Citizen Scientists Help Track Parasitic Deer Flies

There is a nasty little insect out there called the deer ked. This is a very distinctive fly because it is so unusual looking. The deer ked has a flattened body, grasping front legs, and wings that it drops off occasionally and then grows new ones. These flies are parasites on deer and have been known to bite humans also. It is believed that the deer ked may transmit a disease-causing bacteria to those that it bites.

Because these flies can possibly transmit harmful diseases to deer and maybe even humans, scientists need to keep a close eye on them. To do so, they have to know exactly where the fly lives so they can watch the deer in those areas for signs of disease. Although it was known that the deer keds lived in a few places in the northeastern US, scientists were not sure what their range is exactly, and there is just no way for them to check all over the northeast on their own. So, what is the answer for these scientists who are trying to find all of the areas where the deer ked lives? The answer is a citizen scientist!

A citizen scientist is a member of the public who helps scientists and researchers by collecting data for them. Throughout the world, citizen scientists are collecting information on insects, water quality, air pollution, wildlife populations, the weather, rocks and minerals, and even astronomic events like meteor showers. In the case of the parasitic deer ked, scientists wanted help from citizens of the northeastern US as well as Canada to locate and report on the presence of the flies.

If you are wanting to find out where a biting deer fly lives, then you obviously want to look at places where the deer themselves live, right? And who pays close attention to deer populations? You guessed it…hunters! Researchers asked deer hunters to become citizen scientists. They gave the hunters needed information about the insects as well as deer ked collection kits. Hunters and amateur photographers were asked to keep an eye out for them and snap pictures whenever they could, which they could share with the researchers along with information about the location where they were found. Fortunately, the deer ked is a very distinctive-looking insect, looking very different from a typical fly. This makes them easy for a non-scientist to identify.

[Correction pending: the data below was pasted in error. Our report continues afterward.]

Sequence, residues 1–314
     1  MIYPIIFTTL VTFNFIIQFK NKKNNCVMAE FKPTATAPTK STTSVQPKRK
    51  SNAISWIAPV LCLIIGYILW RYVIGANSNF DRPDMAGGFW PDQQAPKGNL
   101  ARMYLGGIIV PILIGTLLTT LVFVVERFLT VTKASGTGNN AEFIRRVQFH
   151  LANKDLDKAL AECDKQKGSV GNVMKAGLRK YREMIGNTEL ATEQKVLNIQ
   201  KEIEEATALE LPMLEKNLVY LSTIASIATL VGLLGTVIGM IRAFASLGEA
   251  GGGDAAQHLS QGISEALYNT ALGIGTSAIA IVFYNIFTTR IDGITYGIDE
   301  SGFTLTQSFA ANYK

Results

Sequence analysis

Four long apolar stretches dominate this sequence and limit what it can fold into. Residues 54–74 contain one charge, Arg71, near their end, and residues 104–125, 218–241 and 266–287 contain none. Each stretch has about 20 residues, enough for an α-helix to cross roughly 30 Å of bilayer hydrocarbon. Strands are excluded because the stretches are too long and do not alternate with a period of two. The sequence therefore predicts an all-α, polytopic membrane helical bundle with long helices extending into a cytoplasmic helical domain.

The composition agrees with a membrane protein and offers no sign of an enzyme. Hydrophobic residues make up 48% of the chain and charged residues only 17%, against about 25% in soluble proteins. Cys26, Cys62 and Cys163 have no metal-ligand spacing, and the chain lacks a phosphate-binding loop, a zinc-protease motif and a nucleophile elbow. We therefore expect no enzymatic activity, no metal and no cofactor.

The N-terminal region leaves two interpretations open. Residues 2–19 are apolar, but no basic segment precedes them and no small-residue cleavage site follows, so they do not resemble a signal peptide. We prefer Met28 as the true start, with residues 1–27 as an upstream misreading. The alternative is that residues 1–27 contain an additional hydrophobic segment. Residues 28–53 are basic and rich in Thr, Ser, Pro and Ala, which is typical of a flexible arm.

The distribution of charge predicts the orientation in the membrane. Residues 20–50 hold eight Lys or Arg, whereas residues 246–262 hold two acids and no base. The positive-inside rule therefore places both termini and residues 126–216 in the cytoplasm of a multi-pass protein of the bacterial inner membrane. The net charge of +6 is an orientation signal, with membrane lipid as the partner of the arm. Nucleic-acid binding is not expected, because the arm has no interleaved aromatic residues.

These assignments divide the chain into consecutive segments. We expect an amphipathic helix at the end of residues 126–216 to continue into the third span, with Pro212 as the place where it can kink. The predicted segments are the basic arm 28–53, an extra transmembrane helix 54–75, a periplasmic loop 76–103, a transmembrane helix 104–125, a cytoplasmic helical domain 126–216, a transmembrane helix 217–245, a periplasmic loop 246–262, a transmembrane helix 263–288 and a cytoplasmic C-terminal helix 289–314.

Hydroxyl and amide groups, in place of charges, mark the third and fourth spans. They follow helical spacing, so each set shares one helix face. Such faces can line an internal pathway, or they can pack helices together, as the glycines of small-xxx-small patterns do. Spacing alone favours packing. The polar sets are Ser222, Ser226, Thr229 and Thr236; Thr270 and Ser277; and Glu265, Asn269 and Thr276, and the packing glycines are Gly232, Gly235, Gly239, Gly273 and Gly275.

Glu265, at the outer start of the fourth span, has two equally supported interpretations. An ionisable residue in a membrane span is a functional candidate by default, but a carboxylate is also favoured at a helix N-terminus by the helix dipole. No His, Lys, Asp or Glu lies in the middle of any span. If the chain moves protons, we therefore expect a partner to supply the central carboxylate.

The project was a resounding success. In some areas of the country, particularly Pennsylvania, the deer keds were so numerous they sometimes ran up and down the hunters’ arms when they were field dressing a deer. Thanks to their citizen scientists, researchers now know the deer ked lives in North Carolina, Tennessee, and Missouri. Previous to the study, it was not known that the flies lived outside the northeast. The newly collected data shows the deer ked’s range stretches further north and east than previously reported. It has also been learned that these flies not only bite deer and the occasional human, but also moose, elk, and domestic animals.

The next step for scientists is to collect and screen hundreds of deer keds for dangerous pathogens. They will dissect some insects to screen the gut and the salivary glands separately. This approach will give a good indication of whether deer keds could transmit disease-causing pathogens through bites. If it turns out that the deer ked does indeed have a dangerous bite, it will be possible to warn the people who live in the areas where they occur as well as begin possible eradication programs. All of this, thanks to citizen scientists!